Close to a week after Tamil Nadu officials approached their counterparts in Andhra Pradesh, in the backdrop of severe water shortage, the latter has begun releasing Krishna water to Chennai from the Kandaleru reservoir.
Last week, even with the combined storage of four reservoirs, Chennai was reported to have drinking water for just 25 days.
Following this, TN Public Works Department (PWD) officials approached the Andhra Pradesh government and struck a deal for three thousand mcft (million cubic feet) of Krishna water to be released.
The Times of India reported that about 65 cusecs (cubic feet per second) of water flowed into Tamil Nadu at 5am on Saturday and water flow had increased to 220 cusecs by 6pm.
Stating that the supply would be stepped up to 500 cusecs, AP water resources secretary Shashi Bhushan Kumar told TOI, "On the solemn promise from our chief minister Chandrababu Naidu that water will be sent to Chennai, we released the water overcoming a lot of resistance by deploying teams of irrigation officials and police...We will definitely release against all odds.â€ť
This isn't the first time that Tamil Nadu has approached Andhra Pradesh.
Last month, the Poondi reservoir, which is the prime water storage point for Chennai, received a steady inflow of nearly 75 mcft Krishna water from Andhra Pradesh.
The reservoir has a total capacity of 3,231 mcft.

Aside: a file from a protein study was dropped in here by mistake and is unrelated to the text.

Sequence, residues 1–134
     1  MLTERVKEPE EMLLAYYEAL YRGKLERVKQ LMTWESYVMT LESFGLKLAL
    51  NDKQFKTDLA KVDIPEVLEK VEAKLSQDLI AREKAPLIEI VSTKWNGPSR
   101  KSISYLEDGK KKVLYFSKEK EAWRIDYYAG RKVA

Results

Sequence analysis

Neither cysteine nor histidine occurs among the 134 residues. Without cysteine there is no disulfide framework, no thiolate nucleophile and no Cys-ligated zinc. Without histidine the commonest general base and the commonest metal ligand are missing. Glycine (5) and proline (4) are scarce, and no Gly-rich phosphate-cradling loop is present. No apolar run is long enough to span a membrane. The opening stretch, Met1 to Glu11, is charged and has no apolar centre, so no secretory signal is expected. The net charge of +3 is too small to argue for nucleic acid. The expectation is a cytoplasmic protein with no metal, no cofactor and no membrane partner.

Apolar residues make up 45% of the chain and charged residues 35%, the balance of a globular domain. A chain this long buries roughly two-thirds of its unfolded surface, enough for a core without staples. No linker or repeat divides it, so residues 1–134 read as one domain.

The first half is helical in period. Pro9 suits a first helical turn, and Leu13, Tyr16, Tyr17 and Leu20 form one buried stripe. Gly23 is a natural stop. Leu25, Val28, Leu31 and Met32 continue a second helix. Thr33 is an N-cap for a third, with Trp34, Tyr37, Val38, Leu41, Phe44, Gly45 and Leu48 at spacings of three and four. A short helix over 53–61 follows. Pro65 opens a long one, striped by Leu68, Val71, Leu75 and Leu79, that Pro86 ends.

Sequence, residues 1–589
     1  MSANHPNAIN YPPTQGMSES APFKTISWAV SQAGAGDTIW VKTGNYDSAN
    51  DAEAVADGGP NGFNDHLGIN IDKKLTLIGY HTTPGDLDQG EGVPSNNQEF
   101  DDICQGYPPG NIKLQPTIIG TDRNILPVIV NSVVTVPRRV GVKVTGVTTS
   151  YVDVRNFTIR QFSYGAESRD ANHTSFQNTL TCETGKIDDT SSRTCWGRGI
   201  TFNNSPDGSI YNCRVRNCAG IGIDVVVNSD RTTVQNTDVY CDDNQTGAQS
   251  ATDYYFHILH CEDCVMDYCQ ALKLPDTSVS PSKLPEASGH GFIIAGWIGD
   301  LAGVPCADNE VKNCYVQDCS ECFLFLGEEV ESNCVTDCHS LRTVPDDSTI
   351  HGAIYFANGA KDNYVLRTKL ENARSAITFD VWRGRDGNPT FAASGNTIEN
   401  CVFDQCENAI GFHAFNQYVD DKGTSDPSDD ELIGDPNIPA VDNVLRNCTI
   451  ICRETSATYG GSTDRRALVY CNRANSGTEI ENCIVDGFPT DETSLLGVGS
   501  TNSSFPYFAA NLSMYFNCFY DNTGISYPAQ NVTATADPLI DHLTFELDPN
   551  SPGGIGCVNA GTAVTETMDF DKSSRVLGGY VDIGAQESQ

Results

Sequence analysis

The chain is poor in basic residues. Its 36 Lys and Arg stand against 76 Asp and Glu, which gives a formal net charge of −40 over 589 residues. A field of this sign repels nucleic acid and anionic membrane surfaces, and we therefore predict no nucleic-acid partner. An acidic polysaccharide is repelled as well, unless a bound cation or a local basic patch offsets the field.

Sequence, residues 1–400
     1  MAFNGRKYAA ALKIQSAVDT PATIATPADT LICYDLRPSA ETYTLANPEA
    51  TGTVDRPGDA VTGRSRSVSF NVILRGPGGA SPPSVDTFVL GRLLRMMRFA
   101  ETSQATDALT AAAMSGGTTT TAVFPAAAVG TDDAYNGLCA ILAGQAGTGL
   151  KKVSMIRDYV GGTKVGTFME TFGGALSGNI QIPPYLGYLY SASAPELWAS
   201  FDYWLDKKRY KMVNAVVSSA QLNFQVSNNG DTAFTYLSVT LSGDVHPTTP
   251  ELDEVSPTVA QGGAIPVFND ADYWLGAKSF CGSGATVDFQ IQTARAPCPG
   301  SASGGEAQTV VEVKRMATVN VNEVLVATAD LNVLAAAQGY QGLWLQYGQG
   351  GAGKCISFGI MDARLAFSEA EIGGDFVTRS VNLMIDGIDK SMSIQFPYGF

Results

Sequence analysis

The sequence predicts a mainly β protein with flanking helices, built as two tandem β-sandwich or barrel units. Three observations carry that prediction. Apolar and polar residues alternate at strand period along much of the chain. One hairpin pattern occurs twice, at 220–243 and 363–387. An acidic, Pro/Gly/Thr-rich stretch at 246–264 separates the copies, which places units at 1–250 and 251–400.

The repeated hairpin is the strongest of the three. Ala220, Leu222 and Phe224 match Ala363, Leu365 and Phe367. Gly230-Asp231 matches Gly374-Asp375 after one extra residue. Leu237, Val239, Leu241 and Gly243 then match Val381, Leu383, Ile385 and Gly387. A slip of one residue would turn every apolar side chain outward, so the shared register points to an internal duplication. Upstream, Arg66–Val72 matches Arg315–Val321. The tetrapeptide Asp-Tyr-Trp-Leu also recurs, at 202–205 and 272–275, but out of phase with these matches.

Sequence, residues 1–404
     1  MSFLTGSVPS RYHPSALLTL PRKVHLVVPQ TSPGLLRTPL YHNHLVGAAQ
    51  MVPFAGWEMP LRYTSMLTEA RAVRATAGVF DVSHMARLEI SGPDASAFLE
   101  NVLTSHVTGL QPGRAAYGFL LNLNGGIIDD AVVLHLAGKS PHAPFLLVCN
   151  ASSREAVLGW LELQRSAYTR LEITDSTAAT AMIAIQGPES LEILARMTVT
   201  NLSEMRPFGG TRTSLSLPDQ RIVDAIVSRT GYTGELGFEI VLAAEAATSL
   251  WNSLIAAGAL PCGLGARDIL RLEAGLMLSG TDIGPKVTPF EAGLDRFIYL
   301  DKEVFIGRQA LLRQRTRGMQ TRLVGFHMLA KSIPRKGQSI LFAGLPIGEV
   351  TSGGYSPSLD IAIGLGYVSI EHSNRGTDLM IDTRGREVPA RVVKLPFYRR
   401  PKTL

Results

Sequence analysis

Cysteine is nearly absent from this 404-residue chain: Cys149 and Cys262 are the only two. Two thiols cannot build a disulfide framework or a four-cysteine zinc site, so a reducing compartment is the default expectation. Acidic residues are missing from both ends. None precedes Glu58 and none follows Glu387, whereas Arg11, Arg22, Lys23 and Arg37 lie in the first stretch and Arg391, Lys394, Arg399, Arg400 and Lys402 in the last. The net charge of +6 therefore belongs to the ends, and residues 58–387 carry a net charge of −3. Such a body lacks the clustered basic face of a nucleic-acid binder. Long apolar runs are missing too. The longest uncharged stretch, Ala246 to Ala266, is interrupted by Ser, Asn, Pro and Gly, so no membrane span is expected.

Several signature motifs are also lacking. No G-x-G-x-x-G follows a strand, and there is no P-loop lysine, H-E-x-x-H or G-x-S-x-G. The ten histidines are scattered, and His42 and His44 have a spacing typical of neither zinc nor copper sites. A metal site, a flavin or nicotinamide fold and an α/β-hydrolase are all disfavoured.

Tamil Nadu's water woes worsened after the dispute over sharing water from the Cauvery river.
There were multiple agitations this year in both Karnataka and Tamil Nadu, after the former declared that it could not release water to TN due to a deficit, leading to an intervention by the Supreme Court. Karnataka had said that it had a deficit of about 80 tmc ft in its four reservoirs, but later complied with the Supreme Courtâ€™s orders.
With Bengaluru itself, on the back of three consecutive droughts across the state, likely to face a drinking water shortage in January, discussions on sharing the Cauvery water have taken a turn for the worse.
In light of the escalating conflicts over the sharing of the river waters, a draft proposal has also been drawn up by a group of concerned citizens.
Meanwhile, water experts in Tamil Nadu criticized the state for not taking a cue from its neighbouring Telugu states of Telangana and Andhra, on water management.
"Then united Andhra Pradesh earmarked a whopping sum of Rs 1.86 lakh crore for its ambitious scheme 'Jal Yagna' for a 10-year period from 2003 to 13. The newly-created Telangana has been going ahead with a flagship irrigation programme, Mission Kakatiya, at a cost of Rs 22,000 crore aiming at restoration of about 45,000 tanks and other waterbodies. In contrast, Tamil Nadu has spent only Rs 5,500 crore for irrigation projects during the last decade,â€ť A Veerappan, a water expert, told The New Indian Express.